In the present war we are in the curious situation that our ‘atrocity campaign’ was done largely before the war started, and done mostly by the Left, the people who normally pride themselves on their incredulity. In the same period the Right, the atrocity-mongers of 1914-18, were gazing at Nazi Germany and flatly refusing to see any evil in it. Then as soon as war broke out it was the pro-Nazis of yesterday who were repeating horror stories, while the anti-Nazis suddenly found themselves doubting whether the Gestapo really existed. Nor was this solely the result of the Russo-German Pact. It was partly because before the war the Left had wrongly believed that Britain and Germany would never fight and were therefore able to be anti-German and anti-British simultaneously; partly also because official war-propaganda, with its disgusting hypocrisy and self-righteousness, always tends to make thinking people sympathize with the enemy. Part of the price we paid for the systematic lying of 1914-17 was the exaggerated pro-German reaction which followed. During the years 1918-33 you were hooted at in left-wing circles if you suggested that Germany bore even a fraction of responsibility for the war. In all the denunciations of Versailles I listened to during those years I don’t think I ever once heard the question, ‘What would have happened if Germany had won?’ even mentioned, let alone discussed. So also with atrocities. The truth, it is felt, becomes untruth when your enemy utters it. Recently I noticed that the very people who swallowed any and every horror story about the Japanese in Nanking in 1937 refused to believe exactly the same stories about Hong Kong in 1942. There was even a tendency to feel that the Nanking atrocities had become, as it were, retrospectively untrue because the British Government now drew attention to them.
But unfortunately the truth about atrocities is far worse than that they are lied about and made into propaganda. The truth is that they happen. The fact often adduced as a reason for scepticism—that the same horror stories come up in war after war—merely makes it rather more likely that these stories are true. Evidently they are widespread fantasies, and war provides an opportunity of putting them into practice. Also, although it has ceased to be fashionable to say so, there is little question that what one may roughly call the ‘whites’ commit far more and worse atrocities than the ‘reds’. There is not the slightest doubt, for instance, about the behaviour of the Japanese in China. Nor is there much doubt about the long tale of Fascist outrages during the last ten years in Europe. The volume of testimony is enormous, and a respectable proportion of it comes from the German press and radio. These things really happened, that is the thing to keep one’s eye on. They happened even though Lord Halifax said they happened. The raping and butchering in Chinese cities, the tortures in the cellars of the Gestapo, the elderly Jewish professors flung into cesspools, the machine-gunning of refugees along the Spanish roads—they all happened, and they did not happen any the less because the Daily Telegraph has suddenly found out about them when it is five years too late.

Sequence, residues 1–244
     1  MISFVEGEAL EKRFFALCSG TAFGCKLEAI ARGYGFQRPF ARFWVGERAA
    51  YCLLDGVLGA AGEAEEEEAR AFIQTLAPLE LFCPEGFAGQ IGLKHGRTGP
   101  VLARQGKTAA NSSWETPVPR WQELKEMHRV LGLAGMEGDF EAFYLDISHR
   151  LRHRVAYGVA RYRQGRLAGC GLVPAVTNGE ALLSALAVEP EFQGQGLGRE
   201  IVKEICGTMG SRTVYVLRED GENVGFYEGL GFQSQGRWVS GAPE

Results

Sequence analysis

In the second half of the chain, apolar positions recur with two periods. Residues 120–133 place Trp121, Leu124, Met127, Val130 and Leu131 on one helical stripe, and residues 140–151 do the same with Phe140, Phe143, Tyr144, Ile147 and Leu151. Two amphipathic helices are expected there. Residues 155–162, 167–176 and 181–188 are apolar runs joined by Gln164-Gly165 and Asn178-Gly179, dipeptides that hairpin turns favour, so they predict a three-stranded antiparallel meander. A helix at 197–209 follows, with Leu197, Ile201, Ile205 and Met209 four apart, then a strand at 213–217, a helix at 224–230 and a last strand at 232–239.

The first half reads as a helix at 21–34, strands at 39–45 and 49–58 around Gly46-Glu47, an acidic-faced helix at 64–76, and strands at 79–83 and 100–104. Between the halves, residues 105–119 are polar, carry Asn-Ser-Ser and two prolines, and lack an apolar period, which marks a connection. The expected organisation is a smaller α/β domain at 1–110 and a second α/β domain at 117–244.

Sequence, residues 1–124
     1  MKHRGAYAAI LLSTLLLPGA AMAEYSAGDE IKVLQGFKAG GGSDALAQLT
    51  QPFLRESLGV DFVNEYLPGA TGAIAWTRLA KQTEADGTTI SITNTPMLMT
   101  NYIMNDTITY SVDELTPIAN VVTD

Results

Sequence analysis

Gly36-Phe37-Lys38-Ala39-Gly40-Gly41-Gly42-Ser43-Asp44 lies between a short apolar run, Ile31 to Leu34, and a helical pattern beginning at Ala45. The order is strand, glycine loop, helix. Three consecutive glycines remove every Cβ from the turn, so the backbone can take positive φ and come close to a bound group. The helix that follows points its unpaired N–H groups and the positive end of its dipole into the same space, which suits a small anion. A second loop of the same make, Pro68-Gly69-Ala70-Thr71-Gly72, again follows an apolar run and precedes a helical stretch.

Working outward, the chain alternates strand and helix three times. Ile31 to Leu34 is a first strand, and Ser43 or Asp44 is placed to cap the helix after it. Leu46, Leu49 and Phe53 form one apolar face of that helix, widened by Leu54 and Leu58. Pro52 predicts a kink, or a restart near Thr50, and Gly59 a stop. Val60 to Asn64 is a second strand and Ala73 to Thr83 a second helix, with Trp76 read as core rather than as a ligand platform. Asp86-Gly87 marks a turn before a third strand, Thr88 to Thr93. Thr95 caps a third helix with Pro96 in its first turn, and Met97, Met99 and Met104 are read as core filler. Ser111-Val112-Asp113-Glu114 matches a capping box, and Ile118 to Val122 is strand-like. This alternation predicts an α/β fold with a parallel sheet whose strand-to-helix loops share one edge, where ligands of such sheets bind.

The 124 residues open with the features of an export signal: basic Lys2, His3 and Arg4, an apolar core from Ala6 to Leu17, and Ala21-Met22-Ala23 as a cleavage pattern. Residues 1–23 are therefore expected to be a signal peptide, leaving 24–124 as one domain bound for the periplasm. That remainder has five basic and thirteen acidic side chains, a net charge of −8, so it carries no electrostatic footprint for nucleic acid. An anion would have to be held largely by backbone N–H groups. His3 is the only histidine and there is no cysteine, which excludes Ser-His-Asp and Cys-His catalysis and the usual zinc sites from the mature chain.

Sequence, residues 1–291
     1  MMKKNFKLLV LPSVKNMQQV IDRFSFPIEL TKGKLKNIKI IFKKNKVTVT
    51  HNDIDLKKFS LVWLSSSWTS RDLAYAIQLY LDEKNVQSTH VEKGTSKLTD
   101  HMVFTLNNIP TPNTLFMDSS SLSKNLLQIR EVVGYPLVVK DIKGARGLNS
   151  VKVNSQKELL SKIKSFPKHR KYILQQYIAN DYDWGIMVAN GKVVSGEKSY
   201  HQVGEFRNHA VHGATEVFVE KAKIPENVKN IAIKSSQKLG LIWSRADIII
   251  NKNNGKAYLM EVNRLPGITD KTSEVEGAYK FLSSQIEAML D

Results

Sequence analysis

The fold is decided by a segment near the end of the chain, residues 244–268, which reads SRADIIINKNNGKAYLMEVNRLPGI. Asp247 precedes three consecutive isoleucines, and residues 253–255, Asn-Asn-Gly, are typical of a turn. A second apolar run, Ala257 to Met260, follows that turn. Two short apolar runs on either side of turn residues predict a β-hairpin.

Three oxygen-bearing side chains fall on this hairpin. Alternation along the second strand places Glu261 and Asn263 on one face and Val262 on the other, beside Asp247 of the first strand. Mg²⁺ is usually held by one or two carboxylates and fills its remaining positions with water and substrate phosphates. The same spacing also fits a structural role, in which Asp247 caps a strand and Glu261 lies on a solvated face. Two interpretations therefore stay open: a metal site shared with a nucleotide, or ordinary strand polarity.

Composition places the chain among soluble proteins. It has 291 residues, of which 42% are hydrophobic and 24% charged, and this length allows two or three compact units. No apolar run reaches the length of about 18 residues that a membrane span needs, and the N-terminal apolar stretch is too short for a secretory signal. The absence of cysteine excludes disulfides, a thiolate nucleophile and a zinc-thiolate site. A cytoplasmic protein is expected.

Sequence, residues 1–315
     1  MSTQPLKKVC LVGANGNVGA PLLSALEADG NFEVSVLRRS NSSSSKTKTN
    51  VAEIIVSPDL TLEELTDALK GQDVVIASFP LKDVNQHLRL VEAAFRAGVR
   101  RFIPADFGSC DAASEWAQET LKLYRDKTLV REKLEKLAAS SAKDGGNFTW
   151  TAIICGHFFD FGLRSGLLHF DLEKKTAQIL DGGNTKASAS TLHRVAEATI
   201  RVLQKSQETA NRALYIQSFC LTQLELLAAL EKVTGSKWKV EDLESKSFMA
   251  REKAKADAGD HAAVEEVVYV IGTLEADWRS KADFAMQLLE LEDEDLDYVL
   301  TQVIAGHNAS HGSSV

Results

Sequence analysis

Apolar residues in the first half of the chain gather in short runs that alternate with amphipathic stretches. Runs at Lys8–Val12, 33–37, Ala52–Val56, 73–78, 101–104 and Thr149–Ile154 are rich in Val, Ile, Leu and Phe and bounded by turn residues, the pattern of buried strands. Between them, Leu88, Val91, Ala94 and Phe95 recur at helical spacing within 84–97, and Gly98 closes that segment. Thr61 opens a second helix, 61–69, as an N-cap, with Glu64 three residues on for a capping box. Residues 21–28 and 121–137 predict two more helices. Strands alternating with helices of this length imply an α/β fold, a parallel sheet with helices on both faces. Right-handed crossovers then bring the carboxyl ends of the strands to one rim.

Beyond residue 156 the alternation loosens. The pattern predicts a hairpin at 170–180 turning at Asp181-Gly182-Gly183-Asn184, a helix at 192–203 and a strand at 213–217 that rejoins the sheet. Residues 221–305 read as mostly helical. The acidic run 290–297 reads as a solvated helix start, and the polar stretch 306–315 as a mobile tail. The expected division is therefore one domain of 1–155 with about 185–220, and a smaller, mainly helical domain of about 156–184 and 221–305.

TWO memories, the first not proving anything in particular, the second, I think, giving one a certain insight into the atmosphere of a revolutionary period:
Early one morning another man and I had gone out to snipe at the Fascists in the trenches outside Huesca. Their line and ours here lay three hundred yards apart, at which range our aged rifles would not shoot accurately, but by sneaking out to a spot about a hundred yards from the Fascist trench you might, if you were lucky, get a shot at someone through a gap in the parapet. Unfortunately the ground between was a flat beet field with no cover except a few ditches, and it was necessary to go out while it was still dark and return soon after dawn, before the light became too good. This time no Fascists appeared, and we stayed too long and were caught by the dawn. We were in a ditch, but behind us were two hundred yards of flat ground with hardly enough cover for a rabbit. We were still trying to nerve ourselves to make a dash for it when there was an uproar and a blowing of whistles in the Fascist trench. Some of our aeroplanes were coming over. At this moment, a man presumably carrying a message to an officer, jumped out of the trench and ran along the top of the parapet in full view. He was half-dressed and was holding up his trousers with both hands as he ran. I refrained from shooting at him. It is true that I am a poor shot and unlikely to hit a running man at a hundred yards, and also that I was thinking chiefly about getting back to our trench while the Fascists had their attention fixed on the aeroplanes. Still, I did not shoot partly because of that detail about the trousers. I had come here to shoot at ‘Fascists’; but a man who is holding up his trousers isn’t a ‘Fascist’, he is visibly a fellow-creature, similar to yourself, and you don’t feel like shooting at him.